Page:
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About this book

This Reader's Guide charts the reception history of Ted Hughes' poetry from his first to last published collection, culminating in posthumous tributes and assessments of his lifetime achievement. Sandie Byrne explores the criticism relating to key issues such as nature, myth, the Laureateship, and Hughes' relationship with Sylvia Plath.

Table of Contents

Introduction Hughes’s Life

Abstract
Edward James Hughes was born on 17 August 1930 in Mytholmroyd, West Yorkshire, although the family moved to Mexborough, South Yorkshire, when he was 7 years old. After attending Mexborough Grammar School, where he wrote poems for the school magazine, in 1948 Hughes won an open exhibition to Pembroke College, Cambridge, but chose to complete his two years of National Service before going up to read English in 1951.
Sandie Byrne

Chapter One. Early Work

Abstract
The poetry of Ted Hughes elicited strong responses from the beginning of his career as a published poet, though opinions about its merits and meanings were divided. This chapter looks at responses to Hughes’s early poetry, broadly categorised as ‘nature poetry’ in the sense of having animals, landscapes and the elements as its subjects. Criticism which looks at Hughes’s poems about the natural world in terms of psychology, anthropology or philosophy is discussed in Chapter 2.
Sandie Byrne

Chapter Two. Nature Poetry

Abstract
As has been seen, critical evaluation and even categorisation of Hughes’s work has been varied. There is, however, some critical consensus about the importance in Hughes’s writing of certain concepts, one of which is ‘Truth’, a concept significant enough to be figured in Hughes’s writing about poetry and writing for children,1 as well as in his poems. Daniel Weissbort, writing about Hughes’s co-foundation of the periodical Modern Poetry in Translation, stated that ‘Hughes was looking for the Truth. That which underlies language and survives translation.’2 His children’s fable, What is the Truth?, depicted characters who in their sleep came most close to describing animals in a way that captured each creature’s essence, but the story does more than that, interrogating poetry, Hughes, and the kind of poet that he has been and was still capable of being. Weissbort concludes that the Truth cannot be contained in description, ‘however mimetically powerful’.3
Sandie Byrne

Chapter Three. The Sequences

Abstract
The middle phase of Hughes’s poetic career was in part characterised by a movement from external phenomenological reality to internal and metaphysical landscapes in themed collections and sequences. Animals do not disappear from the poems, but they are increasingly less observed object and more protagonist. The Crow poems and CB feature figures which are and are not simply birds. These were not Hughes’s only modes of writing during this period; the M poems, for example, are firmly located in the daily life of a farm, and Hughes continued to write for children and to produce translation and adaptation.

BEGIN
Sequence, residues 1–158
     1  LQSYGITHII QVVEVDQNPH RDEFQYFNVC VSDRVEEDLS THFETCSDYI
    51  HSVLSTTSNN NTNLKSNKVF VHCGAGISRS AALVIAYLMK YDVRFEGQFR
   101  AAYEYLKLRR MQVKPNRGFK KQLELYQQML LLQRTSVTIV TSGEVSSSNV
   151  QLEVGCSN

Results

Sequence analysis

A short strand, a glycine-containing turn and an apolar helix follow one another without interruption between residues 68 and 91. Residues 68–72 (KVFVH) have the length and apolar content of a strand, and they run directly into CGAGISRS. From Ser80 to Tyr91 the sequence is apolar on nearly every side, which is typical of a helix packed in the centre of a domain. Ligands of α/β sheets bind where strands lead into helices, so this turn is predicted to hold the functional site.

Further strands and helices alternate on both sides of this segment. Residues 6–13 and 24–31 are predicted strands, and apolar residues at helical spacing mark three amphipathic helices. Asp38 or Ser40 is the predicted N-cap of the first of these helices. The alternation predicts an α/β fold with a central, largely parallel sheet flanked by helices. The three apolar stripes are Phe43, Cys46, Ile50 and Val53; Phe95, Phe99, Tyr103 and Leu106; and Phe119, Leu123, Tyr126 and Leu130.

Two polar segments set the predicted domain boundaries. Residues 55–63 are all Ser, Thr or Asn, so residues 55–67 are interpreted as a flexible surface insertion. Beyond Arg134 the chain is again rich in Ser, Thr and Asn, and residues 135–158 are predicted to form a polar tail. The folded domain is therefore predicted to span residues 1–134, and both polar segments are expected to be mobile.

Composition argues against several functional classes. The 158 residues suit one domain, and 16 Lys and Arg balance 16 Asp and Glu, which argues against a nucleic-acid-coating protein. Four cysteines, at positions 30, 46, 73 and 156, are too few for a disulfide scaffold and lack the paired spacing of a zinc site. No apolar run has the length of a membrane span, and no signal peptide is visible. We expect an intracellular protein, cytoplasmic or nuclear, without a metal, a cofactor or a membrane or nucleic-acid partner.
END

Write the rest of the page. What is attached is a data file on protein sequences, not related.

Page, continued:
Sandie Byrne

Chapter Four. Hughes and Plath

Abstract
This chapter looks at discussions and speculations about the working relationship between Ted Hughes and Sylvia Plath, their mutual support and influence, and Hughes’s editing of Plath’s work. It also touches on reviews of Birthday Letters which discuss the relationship, though close critical analyses of the Birthday Letters poems appear in Chapter 5. A number of critics have written about Hughes’s and Plath’s relationship, both personal and literary, and a number of biographies of Sylvia Plath and studies of her poetry also touch on that topic, but this chapter looks at criticism whose primary focus is the work of Hughes or the mutual influence of Hughes and Plath.
Sandie Byrne

Chapter Five. Later Work

Abstract
Simon Armitage, writing in the Guardian in 2006, suggested that at Hughes’s death eight years earlier, his reputation had been as high as at any time during his life. Armitage contrasted the ‘resounding acclaim’ for Hughes’s final collections, TfO and BL, with the reaction to public support for either the poetry or the poet, during the 1970s and 1980s, when the former was seen as ‘stubborn and entrenched’ and the latter as ideologically unfashionable.1
Sandie Byrne

Conclusion Overviews of Hughes’s Achievement

Abstract
The death of Ted Hughes was followed by a flurry of posthumous summaries of his career and assessments of his achievements. The Guardian included the news of Hughes’s death on its front page,1 and obituaries and tributes were published in both British and international newspapers and periodicals. Authors paying tribute in British and Irish newspapers included Katherine Viner in the Guardian; John Redmond and Alan Sillitoe, also in the Guardian; Peter Forbes in The Financial Times; Sandra Barwick in the Daily Telegraph; Boyd Tonkin, Ruth Padel and Lachlan Mackinnon in the Independent; William Scammell in the Independent on Sunday; A. Alvarez in The Observer; Glenys Roberts in the Daily Mail; John Carey in the Sunday Times; Heather Neill in the Times Educational Supplement; John Bayley and Anthony Thwaite in the Times Literary Supplement; and Rosita Boland in the Irish Times. American writers who published at the same time included Marjorie Miller in the Los Angeles Times, Sarah Lyall in the New York Times and Marina Warner in Time. Le Monde also featured an article by Geneviève Brisac.
Sandie Byrne
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